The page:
16. 16. cook/anthology 6 that I have an odor-causing skin condition. I believe I know myself well enough to know that that’s what I would’ve done. Finally my picture was taken and my renewed I.D. card handed to me. I scurried out the door, hoping to be taking all my foul odor with me. From the frightening moment I stepped in, to the glorious moment I left, only fifteen minutes had elapsed—though it felt a lot longer. I had expected to be there at least half an hour. I jumped on my bike—and I do mean jumped—and rode exactly one hour and fif- teen minutes to my basement apartment. It was ten o’clock a.m. when I got home. I felt like crying for what I had just been through, but I was too tired and happy that it was over and done with. My state I.D. card now expires on December 12, 2013. I pray that by then I won’t have to go through any more of these nightmares.
  17. 17. cook/anthology 7 Richard R. Cook Jr
  18. 18. cook/anthology 8 Atypical Day by Benjamin Rimmer After hitting the snooze button maybe half a dozen times, I became sick of hearing the annoying, intermittent beeping of the alarm. So I finally got out of bed and dragged myself to the bathroom to undertake my daily hygienic ritual. Lather, scrub and rinse. Repeat. And again. Once clean and satisfied, I applied a deodorant and antiperspirant combination quite liberally. I brushed my teeth. I styled my hair with a bit of pomade. And to finish off, I sprayed myself with some cologne. Now that I was clean and fresh, I
  19. 19. was good to go. cook/anthology 9 When I arrived at school, I ran into a friend of mine named Ryan. We were both glad to have moved up in the high school ranks, being seniors now. Even though I was starting my final year at the same school, I only had two friends. The warning bell rang and I scurried to find the location of my first class. I entered the room and looked for a seat in the back. The back seats were already taken, so I set- tled for a seat near the back corner. As soon as I sat down, I heard some whispering behind me. "Hey, that's the guy from one of my classes last year. He reeks so bad." And laugh- ter arose from the small group behind. I sat there silently, feeling broken, naked and exposed. As I began to hear other students sniffing, I had the urge to bolt out of there. I might have, too, but my emotions overwhelmed me, siphoning all my energy, leaving me bereft of vitality. I remained frozen in a trance-like state. I could hardly wait for that class to end. My reputation seemed to precede me wherever I went. Students in every class made comments, jokes and gestures about me. Teachers even commented about me. I was accustomed to this discomfort, but I always hoped it would somehow end. I was thrilled when school let out, but then I had to go to work. I was a cashier at a gas station. I freshened up in the bathroom and applied some more deodorant that I had in my backpack. It didn't do me any good. For some reason I reeked worse than ever. I put on my uniform and badge and went to work.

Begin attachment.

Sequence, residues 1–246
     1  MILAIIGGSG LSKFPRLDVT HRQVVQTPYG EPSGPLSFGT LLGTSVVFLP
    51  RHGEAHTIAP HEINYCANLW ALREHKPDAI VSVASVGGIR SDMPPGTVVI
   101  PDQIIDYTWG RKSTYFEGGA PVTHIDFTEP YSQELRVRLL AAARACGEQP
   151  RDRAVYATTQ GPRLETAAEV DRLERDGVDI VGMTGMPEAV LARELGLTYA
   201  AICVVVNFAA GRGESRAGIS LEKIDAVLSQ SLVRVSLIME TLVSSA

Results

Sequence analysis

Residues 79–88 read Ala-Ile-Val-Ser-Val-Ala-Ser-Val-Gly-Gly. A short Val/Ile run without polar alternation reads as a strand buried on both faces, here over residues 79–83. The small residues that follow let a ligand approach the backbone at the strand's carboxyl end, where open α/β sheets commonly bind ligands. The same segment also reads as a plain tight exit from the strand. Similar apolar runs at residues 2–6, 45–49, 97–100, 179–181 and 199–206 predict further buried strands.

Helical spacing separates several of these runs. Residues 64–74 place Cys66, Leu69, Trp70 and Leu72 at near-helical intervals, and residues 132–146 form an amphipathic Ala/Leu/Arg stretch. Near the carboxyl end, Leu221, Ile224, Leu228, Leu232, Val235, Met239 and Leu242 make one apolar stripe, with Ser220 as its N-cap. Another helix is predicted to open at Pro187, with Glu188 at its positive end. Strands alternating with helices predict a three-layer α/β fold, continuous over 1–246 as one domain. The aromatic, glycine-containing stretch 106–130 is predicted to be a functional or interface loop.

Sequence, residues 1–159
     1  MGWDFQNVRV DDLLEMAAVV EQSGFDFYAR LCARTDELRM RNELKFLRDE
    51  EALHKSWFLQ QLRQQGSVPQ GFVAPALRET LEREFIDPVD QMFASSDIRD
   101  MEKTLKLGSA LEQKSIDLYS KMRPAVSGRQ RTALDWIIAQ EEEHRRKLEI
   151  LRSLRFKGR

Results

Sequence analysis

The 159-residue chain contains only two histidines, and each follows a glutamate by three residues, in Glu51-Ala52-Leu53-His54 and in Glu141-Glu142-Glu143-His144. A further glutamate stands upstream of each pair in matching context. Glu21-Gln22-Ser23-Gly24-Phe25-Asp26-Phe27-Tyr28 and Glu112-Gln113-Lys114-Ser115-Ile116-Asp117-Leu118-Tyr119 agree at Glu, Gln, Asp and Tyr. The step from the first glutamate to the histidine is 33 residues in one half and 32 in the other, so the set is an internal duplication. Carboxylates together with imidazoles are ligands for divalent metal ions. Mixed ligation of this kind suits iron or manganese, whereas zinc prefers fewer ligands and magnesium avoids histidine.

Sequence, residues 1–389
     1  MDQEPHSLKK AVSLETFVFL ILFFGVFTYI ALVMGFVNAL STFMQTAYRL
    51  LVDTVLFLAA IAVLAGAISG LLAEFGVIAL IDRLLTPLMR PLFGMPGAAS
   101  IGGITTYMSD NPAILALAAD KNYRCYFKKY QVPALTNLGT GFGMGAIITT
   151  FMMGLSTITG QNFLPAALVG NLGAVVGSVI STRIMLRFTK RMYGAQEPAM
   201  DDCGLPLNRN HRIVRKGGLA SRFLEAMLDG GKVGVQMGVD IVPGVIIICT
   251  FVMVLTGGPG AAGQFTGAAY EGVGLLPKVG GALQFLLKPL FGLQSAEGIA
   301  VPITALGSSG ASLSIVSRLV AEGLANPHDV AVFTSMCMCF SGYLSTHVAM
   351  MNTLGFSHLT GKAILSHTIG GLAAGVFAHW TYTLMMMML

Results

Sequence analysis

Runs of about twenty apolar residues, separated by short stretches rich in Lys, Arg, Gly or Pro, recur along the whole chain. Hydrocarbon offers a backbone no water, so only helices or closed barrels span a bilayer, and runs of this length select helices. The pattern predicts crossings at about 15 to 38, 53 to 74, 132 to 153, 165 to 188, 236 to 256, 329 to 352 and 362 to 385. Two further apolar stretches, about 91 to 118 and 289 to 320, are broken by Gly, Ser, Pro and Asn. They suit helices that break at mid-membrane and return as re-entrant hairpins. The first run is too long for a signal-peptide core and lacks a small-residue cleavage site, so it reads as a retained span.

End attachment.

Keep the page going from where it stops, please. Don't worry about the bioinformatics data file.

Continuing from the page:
20. 20. Work was just as bad as school. Occasional customers would sniff and cough, but cook/anthology 10 it was some of the regular customers and co-workers who always made the jokes. There were a few customers that would linger around for a while and sniff in the air, a volley of laughter following. I couldn't understand how they thought that someone with body odor was so funny. As if they had nothing better to do, they would hang around and make jokes that they thought I didn't catch the meaning of. "One of these things just ain't like the others," my co-workers sang out loud. They would look at me, then look at each other and smile or laugh. After an eight-hour shift I was physically tired from standing, but it was the emotional roller-coaster that thorough- ly drained me of energy. When I got home I took a long, hot shower. Then I went straight to bed. Sometimes I wasn't even sleepy yet, but I had no motivation to do anything after my stressful day. I'd just lay there and value my solitude, my only moment of peace. Very soon thereafter I lapsed into a deep sleep. My alarm clock woke me up the next morning. I turned the alarm off and went back to sleep. Sometimes I wished that I would never awake. Just another typical, atypical day.